In 2008, dengue virus serotype 4 (DENV-4) emerged in northeastern Peru, causing a large outbreak and displacing DENV-3, which had predominated for the previous 6 years. Phylogenetic analysis of 2008 and 2009 isolates support their inclusion into DENV-4 genotype II, forming a lineage distinct from strains that had previously circulated in the region.
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            [Dengue outbreak in Boa Vista, Roraima. Preliminary report].

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              Reemergence of Dengue Virus Type 4, French Antilles and French Guiana, 2004–2005

              After 10 years of absence, dengue virus type 4 (DENV-4) has recently reemerged in Martinique, Guadeloupe, and French Guiana. Phylogenetic analyses of strains isolated from 2004 to 2005 showed that they belong to DENV-4 genotype II, but to a different cluster than strains isolated from 1993 to 1995.
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                Author and article information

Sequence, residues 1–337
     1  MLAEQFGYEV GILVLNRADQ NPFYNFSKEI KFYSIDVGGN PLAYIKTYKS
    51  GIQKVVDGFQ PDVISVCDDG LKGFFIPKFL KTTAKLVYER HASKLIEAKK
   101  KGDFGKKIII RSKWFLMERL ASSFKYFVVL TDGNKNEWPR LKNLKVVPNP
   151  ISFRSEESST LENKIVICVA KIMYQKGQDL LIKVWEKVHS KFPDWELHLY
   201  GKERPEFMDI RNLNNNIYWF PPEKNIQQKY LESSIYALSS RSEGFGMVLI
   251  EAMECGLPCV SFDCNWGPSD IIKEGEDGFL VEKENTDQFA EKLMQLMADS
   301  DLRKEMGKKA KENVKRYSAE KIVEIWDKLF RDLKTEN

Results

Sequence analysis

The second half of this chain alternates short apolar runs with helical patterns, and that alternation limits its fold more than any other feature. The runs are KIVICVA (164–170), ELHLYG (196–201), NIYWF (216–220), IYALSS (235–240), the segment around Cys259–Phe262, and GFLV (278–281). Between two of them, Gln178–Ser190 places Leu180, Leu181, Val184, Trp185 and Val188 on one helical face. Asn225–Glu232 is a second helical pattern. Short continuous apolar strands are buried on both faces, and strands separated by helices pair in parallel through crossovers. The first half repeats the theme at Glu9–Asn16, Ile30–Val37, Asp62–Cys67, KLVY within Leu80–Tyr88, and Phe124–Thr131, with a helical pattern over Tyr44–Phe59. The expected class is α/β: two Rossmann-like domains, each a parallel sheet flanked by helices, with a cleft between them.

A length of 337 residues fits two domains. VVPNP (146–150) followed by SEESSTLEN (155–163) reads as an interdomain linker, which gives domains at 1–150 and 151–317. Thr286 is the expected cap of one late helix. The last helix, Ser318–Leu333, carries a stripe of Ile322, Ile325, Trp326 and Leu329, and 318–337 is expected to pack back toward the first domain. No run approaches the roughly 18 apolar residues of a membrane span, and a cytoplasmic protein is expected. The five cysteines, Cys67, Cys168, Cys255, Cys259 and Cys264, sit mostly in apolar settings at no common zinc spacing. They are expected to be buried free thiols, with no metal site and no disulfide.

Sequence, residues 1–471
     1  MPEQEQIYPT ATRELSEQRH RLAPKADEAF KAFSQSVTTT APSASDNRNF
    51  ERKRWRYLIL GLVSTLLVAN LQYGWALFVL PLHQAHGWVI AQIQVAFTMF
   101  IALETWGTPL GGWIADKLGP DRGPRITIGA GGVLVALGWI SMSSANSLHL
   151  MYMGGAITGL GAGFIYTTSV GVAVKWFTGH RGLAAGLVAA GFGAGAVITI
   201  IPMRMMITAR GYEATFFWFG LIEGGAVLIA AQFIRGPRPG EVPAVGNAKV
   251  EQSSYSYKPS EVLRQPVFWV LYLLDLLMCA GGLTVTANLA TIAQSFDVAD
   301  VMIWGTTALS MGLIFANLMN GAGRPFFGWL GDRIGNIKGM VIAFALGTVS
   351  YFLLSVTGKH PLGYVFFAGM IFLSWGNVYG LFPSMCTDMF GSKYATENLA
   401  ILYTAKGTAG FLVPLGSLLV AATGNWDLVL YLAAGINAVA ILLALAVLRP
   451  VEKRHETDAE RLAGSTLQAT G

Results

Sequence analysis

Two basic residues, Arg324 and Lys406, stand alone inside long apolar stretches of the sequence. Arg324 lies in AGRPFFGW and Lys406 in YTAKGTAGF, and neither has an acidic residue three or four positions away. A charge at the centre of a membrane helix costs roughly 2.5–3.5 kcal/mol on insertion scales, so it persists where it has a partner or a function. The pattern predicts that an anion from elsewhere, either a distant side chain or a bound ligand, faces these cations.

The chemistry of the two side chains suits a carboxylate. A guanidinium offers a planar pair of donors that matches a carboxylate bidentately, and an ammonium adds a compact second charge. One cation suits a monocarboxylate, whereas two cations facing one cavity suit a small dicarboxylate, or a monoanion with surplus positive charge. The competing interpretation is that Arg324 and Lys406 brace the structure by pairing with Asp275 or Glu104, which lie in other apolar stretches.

Journal
                Emerg Infect Dis
                Emerging Infect. Dis
                EID
                Emerging Infectious Diseases
                Centers for Disease Control and Prevention
                1080-6040
                1080-6059
                May 2011
                : 17
                : 5
                : 938-940
                Affiliations
                Author affiliations : Ministry of Health Brasília, Brasilia, Brazil (J.G. Temporão, G.O. Penna);
                University of Brasília, Brasilia (G.O. Penna);
                Secretariat of Health Surveillance, Brasilia (E.H. Carmo, G.E. Coelho);
                Evandro Chagas Institute, Ananindeua, Brazil (R. do Socorro Silva Azevedo, M.R.T. Nunes, P.F. da Costa Vasconcelos)
                Author notes
                Address for correspondence: Pedro Fernando da Costa Vasconcelos, Instituto Evandro Chagas, National Institute for Viral Hemorrhagic Fevers, Department of Arbovirology and Hemorrhagic Fevers, Rodovia BR-316, KM 07, 67030-000, Ananindeua, Brazil; email: pedrovasconcelos@ 123456iec.pa.gov.br
                Article
                10-1681
                10.3201/eid1705.101681
                3321786
                21529421
                Categories
                Letters to the Editor